Megan was generally healthy but suffered with asthma, which was described as “quite bad”. She had been aware of her nut allergy for several years but having undergone testing and on medical advice had thought it to be mild. A doctor had advised she take antihistamines but she had never been prescribed an EpiPen nor had she been referred to a specialist. She had never had a severe reaction before and there was nothing in her medical history to suggest the advice given on allergy management was wrong. Both she and her parents understood her allergies to be mild and had never been aware that they might lead to her death.
In evidence at the trial, an expert witness confirmed that the tests Megan had undergone would not actually diagnose allergies and laid bare the uncertainties that surround this area of medical practice. In particular, doctors still do not fully understand how the test results relate to the severity of any likely reaction. In short, a positive test result is a warning but it is difficult to predict how each individual patient will react when presented with the problem allergen.
When ordering the takeaway in December 2016, Katie Bracegirdle gave evidence that Megan had not initially wanted to add any notes to the Royal Spice. Katie gave evidence that Megan said, “it doesn’t matter, it’s not a big deal, I don’t have an issue”. When pressed by Katie to enter a note on the Just Eat system, Megan suggested adding “nuts and prawns”, which her friend did.
Food safety management at the Royal Spice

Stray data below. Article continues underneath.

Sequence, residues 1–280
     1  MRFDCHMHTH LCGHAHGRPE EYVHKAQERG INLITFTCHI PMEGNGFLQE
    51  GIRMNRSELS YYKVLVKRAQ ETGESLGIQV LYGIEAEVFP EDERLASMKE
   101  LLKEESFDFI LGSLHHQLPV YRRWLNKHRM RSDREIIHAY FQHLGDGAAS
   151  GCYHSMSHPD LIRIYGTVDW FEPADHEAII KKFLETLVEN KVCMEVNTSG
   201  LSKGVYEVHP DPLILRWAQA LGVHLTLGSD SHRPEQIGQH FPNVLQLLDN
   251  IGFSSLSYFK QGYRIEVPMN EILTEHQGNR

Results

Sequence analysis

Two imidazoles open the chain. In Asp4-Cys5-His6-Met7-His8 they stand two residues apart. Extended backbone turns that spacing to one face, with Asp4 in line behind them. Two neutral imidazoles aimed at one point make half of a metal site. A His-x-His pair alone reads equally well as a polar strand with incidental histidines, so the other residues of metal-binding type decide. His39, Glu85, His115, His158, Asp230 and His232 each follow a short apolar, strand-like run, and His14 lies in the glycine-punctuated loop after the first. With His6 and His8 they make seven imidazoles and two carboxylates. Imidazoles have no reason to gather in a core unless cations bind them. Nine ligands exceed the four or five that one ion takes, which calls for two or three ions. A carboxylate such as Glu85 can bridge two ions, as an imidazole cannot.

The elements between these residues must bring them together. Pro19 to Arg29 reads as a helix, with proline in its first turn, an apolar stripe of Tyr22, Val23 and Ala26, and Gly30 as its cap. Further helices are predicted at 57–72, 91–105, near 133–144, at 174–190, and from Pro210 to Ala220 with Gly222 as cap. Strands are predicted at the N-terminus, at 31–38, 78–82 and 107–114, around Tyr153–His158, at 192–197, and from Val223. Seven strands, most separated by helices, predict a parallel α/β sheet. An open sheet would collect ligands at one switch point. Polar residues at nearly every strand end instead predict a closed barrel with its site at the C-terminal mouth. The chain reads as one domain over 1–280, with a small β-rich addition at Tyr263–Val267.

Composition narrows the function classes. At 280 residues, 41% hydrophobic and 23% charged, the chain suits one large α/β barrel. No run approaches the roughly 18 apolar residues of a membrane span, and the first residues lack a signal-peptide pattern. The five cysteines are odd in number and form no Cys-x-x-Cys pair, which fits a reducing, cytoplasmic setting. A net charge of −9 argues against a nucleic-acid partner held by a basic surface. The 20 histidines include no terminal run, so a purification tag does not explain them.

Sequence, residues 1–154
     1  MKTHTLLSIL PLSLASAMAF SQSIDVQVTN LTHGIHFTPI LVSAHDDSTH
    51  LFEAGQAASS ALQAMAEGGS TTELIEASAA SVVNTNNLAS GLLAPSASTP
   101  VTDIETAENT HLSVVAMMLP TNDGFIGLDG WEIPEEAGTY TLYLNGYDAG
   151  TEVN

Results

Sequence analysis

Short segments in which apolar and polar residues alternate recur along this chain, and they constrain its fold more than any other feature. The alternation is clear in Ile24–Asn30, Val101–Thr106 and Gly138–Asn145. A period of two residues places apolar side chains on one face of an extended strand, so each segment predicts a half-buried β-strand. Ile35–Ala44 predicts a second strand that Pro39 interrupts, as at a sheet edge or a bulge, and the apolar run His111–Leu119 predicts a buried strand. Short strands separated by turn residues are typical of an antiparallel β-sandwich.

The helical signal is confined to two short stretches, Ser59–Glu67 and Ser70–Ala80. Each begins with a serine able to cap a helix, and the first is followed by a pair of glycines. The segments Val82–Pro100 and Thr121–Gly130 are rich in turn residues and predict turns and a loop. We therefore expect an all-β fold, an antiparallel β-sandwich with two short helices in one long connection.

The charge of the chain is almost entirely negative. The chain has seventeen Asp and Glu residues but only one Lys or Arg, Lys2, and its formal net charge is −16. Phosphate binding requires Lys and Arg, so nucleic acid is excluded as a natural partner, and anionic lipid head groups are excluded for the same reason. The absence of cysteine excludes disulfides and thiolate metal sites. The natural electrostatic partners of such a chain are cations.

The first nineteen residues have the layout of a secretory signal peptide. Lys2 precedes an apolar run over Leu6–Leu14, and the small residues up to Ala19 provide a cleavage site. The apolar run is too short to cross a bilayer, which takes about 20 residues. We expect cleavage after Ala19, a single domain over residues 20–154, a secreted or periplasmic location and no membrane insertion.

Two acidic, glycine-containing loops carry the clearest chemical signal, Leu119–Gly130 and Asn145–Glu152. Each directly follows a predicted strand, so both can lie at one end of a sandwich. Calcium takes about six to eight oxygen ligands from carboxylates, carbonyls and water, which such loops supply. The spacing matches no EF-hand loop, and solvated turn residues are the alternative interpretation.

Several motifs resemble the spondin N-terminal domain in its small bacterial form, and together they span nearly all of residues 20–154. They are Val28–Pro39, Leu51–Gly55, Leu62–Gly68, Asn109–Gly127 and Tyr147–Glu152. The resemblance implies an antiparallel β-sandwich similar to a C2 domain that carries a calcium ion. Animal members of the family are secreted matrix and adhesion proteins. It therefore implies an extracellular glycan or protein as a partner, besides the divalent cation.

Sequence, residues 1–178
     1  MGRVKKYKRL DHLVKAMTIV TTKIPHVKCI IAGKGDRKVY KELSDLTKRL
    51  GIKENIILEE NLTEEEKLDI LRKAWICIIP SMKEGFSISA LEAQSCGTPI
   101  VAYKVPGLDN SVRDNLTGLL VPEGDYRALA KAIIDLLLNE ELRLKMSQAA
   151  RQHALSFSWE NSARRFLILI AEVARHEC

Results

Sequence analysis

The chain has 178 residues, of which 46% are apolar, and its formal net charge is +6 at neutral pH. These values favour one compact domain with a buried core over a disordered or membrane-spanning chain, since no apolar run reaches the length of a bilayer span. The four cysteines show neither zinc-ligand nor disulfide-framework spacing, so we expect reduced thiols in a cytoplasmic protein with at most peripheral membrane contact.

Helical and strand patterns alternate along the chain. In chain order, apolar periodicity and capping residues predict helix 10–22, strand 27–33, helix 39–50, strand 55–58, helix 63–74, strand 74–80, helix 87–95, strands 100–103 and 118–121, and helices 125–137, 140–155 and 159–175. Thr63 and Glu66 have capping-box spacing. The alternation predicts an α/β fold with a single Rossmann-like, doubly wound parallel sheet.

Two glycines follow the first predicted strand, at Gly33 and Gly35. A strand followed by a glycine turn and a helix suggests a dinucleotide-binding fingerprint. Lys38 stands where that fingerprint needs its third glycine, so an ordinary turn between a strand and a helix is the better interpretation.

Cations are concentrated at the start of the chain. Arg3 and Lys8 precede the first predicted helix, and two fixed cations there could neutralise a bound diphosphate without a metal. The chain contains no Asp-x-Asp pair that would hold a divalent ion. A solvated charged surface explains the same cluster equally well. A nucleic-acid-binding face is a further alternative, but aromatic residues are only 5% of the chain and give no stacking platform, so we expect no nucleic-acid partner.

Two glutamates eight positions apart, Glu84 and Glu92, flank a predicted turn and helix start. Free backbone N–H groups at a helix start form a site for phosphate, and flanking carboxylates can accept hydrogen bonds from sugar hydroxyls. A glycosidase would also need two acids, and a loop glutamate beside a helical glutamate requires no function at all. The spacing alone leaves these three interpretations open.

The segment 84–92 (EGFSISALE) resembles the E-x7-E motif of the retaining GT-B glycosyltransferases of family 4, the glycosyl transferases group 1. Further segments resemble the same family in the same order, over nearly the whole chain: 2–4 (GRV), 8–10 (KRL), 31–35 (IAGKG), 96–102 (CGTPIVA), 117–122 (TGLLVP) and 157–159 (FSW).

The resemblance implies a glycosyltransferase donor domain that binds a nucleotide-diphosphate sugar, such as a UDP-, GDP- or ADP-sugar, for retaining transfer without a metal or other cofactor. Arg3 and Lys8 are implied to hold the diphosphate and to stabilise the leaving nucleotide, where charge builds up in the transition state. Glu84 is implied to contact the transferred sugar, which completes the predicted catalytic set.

The evidence showed that no Hazard Analysis and Critical Control Point (HACCP) procedures were in place or implemented at the Royal Spice. Whilst the restaurant had implemented the “Safe Food, Better Business” system, it had not done so fully. There were no written procedures for allergen management and staff had a limited understanding of the issue. There appeared to be no understanding of the risks presented by cross-contamination or by allergen warnings on pre-packaged ingredients.
The Local Authority had previously written to all food businesses in the area advising of approaching changes in the law and giving advice as to the need to communicate the presence of allergens within dishes to customers. Despite this the Royal Spice menu contained no information regarding ingredients, simply stating “think allergy” and “please ask a member of staff”.
The criminal case
Following an extensive investigation by the Police and Hyndburn Borough Council, charges were laid against Royal Spice, Harun Rashid and Mohammed Abdul Kuddus:-